Hidden in woodland, camp houses up to 100 Vietnamese people allegedly on their way to work illegally in Britain
Chloe Setter, head of advocacy, policy and campaigns at Ecpat UK, which works on child-trafficking to Britain, said: “Vietnam is almost consistently the top country for adults and children trafficked to the UK and it has been well documented that there has been a ‘Vietnam City’ in northern France where many Vietnamese migrants pass through en route to the UK. Yet there appears to have been little effort made by the UK or French authorities to prevent or disrupt the trafficking of Vietnamese people to the UK, despite the known threat.
“It quite beggars belief that vulnerable children and adults have been allowed for so many years to live in an isolated makeshift encampment in a forest and left open to such a huge risk of exploitation. Such inaction renders the UK government’s purported tough approach to modern slavery pretty hollow.”
Mimi Vu, of the Vietnam-based anti-trafficking charity Pacific Links Foundation, has visited the camp twice in the past year. She said there were 39 men and one woman at the site when she visited in May. A few of the group were minors.
“Everyone in the camp planned on working in nail salons in the UK, even though none had prior experience or training as nail technicians,” she wrote in a report on the visit. They had been told that it was usual “for men to be nail technicians in the UK, and that western women were used to men doing their nails”. There was disbelief when “we tried (gently) to correct these assumptions,” she wrote. All the camp’s residents assumed that they would find work easily in the UK and none wanted to remain in France.
Some were aware of the issue of exploitation in cannabis farms in the UK, but did not believe it would happen to them, Vu said. She believes that the camp has continued to exist under the radar because the migrants are not looking to work in France and are not a strain on local resources. Everyone is housed there temporarily until they are able to get on a lorry to take them to the UK. Most are there between a week and two months.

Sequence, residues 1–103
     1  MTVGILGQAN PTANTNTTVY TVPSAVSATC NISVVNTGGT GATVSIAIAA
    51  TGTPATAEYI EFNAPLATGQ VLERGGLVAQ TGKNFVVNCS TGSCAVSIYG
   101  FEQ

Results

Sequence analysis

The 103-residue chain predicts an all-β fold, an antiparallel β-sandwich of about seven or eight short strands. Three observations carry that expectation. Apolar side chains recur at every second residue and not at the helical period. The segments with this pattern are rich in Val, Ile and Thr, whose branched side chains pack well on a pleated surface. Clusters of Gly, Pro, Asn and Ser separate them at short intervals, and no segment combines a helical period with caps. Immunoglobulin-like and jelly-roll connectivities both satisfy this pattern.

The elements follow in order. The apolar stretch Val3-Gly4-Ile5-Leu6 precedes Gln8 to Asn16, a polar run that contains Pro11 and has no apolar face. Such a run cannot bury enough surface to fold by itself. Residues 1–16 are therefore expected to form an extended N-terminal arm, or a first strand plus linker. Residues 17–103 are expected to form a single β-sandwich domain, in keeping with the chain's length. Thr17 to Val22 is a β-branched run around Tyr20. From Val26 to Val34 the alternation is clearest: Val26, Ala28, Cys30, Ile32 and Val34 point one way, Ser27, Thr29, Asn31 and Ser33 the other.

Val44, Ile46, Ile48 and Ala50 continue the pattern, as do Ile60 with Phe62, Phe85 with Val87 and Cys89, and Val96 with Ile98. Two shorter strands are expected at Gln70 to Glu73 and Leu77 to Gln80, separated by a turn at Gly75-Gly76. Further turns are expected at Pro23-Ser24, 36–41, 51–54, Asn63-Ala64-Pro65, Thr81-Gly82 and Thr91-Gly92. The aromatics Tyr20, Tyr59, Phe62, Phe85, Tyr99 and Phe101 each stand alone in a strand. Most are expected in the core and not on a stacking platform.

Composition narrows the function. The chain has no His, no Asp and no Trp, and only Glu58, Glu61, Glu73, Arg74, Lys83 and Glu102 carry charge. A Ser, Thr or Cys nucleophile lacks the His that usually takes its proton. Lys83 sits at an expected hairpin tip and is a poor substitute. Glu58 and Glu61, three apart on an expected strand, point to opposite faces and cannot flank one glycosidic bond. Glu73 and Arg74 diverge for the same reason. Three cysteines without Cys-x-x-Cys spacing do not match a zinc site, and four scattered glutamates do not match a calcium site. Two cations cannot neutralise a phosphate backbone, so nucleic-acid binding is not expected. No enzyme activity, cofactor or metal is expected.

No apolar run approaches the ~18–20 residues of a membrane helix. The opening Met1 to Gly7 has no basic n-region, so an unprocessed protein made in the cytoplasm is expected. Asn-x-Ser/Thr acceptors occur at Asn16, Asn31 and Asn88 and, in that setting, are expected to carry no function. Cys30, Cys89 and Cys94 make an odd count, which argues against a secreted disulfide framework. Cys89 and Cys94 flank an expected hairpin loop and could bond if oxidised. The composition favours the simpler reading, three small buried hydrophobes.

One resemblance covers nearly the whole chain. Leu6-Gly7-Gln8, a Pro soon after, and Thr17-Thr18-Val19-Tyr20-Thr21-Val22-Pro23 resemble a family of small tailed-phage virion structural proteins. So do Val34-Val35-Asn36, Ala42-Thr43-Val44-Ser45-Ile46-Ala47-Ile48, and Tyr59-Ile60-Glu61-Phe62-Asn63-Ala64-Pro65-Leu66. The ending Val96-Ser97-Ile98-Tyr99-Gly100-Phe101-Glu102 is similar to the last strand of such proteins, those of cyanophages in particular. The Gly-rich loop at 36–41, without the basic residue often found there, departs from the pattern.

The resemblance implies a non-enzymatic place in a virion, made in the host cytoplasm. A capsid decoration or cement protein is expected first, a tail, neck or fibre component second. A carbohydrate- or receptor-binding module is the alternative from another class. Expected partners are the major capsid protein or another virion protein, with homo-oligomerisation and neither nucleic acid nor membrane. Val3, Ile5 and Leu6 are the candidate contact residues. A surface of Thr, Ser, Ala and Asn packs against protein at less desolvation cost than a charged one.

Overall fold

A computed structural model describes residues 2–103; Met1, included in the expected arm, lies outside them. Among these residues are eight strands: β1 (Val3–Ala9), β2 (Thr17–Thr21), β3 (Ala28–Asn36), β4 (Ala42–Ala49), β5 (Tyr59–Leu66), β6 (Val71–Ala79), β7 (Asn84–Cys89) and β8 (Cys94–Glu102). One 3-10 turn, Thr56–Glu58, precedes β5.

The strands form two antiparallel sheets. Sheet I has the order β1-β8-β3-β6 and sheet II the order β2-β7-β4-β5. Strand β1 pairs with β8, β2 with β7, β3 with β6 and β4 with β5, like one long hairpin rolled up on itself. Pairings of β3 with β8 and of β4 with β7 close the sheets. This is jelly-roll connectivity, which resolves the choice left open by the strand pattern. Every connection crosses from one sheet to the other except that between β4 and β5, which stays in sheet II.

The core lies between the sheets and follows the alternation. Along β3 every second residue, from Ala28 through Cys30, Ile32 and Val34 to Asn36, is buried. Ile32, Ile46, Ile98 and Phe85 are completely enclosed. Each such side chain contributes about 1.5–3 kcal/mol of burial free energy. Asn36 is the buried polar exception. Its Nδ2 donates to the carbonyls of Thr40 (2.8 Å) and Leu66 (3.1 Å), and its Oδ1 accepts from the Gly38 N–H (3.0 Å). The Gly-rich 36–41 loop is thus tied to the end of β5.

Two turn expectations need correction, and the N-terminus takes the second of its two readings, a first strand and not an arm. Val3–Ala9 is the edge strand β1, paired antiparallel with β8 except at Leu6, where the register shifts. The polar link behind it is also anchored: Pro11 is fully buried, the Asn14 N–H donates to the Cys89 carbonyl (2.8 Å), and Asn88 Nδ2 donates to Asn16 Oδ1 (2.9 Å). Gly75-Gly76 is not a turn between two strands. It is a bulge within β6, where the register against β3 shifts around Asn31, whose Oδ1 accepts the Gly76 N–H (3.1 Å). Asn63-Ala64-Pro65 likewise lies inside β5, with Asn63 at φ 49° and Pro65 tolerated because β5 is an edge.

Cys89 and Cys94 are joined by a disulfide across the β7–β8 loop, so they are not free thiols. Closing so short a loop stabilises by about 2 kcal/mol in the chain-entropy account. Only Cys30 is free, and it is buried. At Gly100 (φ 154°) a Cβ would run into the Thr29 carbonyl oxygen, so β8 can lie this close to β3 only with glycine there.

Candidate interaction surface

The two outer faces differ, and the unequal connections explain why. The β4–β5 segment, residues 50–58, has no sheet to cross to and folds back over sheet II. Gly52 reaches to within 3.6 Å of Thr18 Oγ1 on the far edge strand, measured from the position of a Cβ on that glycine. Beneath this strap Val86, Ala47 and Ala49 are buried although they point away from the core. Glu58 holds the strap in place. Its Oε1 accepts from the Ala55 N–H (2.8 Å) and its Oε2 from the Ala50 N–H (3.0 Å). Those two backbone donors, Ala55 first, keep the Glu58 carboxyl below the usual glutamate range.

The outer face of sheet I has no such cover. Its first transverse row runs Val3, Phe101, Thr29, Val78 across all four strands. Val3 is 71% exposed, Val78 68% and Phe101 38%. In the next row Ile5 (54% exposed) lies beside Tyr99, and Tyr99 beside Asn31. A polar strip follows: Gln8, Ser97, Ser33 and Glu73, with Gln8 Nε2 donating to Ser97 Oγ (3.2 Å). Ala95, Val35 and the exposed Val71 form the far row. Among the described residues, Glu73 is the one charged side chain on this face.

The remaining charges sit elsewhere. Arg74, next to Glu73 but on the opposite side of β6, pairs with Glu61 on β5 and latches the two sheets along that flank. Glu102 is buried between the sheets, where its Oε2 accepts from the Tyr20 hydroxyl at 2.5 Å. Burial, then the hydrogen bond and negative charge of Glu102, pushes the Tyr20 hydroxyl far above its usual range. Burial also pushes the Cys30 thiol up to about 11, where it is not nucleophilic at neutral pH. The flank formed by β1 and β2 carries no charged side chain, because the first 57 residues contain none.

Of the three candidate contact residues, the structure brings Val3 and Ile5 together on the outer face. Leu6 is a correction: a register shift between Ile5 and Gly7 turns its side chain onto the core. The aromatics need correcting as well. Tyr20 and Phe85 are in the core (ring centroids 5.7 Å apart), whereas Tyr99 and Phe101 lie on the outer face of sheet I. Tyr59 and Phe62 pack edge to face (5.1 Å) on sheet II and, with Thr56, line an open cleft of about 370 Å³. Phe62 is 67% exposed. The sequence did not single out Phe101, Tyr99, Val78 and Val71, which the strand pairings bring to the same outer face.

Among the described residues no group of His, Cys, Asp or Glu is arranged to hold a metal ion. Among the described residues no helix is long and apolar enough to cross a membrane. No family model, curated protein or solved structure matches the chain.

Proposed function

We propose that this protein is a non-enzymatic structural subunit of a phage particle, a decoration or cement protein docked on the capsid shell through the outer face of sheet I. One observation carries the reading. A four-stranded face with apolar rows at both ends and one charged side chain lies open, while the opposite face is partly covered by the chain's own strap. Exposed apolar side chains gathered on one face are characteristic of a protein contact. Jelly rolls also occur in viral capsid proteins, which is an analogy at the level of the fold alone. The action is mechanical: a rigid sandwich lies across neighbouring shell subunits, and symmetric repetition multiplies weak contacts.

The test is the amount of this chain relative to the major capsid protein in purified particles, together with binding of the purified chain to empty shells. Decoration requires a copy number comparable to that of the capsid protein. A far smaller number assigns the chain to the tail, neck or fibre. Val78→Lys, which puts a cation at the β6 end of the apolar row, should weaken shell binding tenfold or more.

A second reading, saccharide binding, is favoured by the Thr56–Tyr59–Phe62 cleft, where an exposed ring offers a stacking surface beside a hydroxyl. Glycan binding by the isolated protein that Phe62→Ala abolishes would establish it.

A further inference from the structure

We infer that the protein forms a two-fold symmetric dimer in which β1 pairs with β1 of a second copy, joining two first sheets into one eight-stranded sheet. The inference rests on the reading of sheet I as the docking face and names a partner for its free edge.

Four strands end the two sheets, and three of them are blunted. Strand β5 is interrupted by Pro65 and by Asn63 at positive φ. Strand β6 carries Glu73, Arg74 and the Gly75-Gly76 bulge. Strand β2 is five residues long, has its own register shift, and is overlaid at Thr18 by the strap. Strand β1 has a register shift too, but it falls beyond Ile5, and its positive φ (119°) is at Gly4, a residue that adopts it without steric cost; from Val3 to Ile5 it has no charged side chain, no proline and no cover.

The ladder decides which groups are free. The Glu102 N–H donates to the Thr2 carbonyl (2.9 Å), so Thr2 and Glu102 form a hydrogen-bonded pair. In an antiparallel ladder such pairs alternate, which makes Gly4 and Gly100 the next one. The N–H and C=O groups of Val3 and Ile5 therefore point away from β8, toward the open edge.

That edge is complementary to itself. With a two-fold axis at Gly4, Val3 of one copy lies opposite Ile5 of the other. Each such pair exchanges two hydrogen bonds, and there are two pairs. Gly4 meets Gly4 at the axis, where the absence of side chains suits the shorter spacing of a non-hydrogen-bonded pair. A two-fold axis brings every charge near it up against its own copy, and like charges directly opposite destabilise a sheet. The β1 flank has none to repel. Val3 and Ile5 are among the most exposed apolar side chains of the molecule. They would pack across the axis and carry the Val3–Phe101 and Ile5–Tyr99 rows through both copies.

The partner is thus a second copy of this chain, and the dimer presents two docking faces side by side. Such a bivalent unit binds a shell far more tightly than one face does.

A recent study published by the charity France Terre d’Asile suggests that most migrants in the camp are fleeing poverty in rural parts of Vietnam, where the average salary for people working in agricultural labour is £88 a month. Some have paid up to £33,000 to agencies to be taken to the UK to work. Others have been tricked into exploitation, and told that they will be given legal jobs in the UK.
Local volunteers understand that the Angres mayor’s office has plans to demolish the unsafe buildings later this month, prompting concern about where the camp’s residents will relocate.
A spokesman from the NSPCC’s child-trafficking unit described the camp as “unregulated and dangerous”.
“Children being trafficked to the UK from Vietnam continues to be a significant concern in the UK and we must try to protect those we know are at risk”, he said. “There need to be facilities in place that can stop young people from falling into the hands of traffickers, who often deceive them with promises of a better life.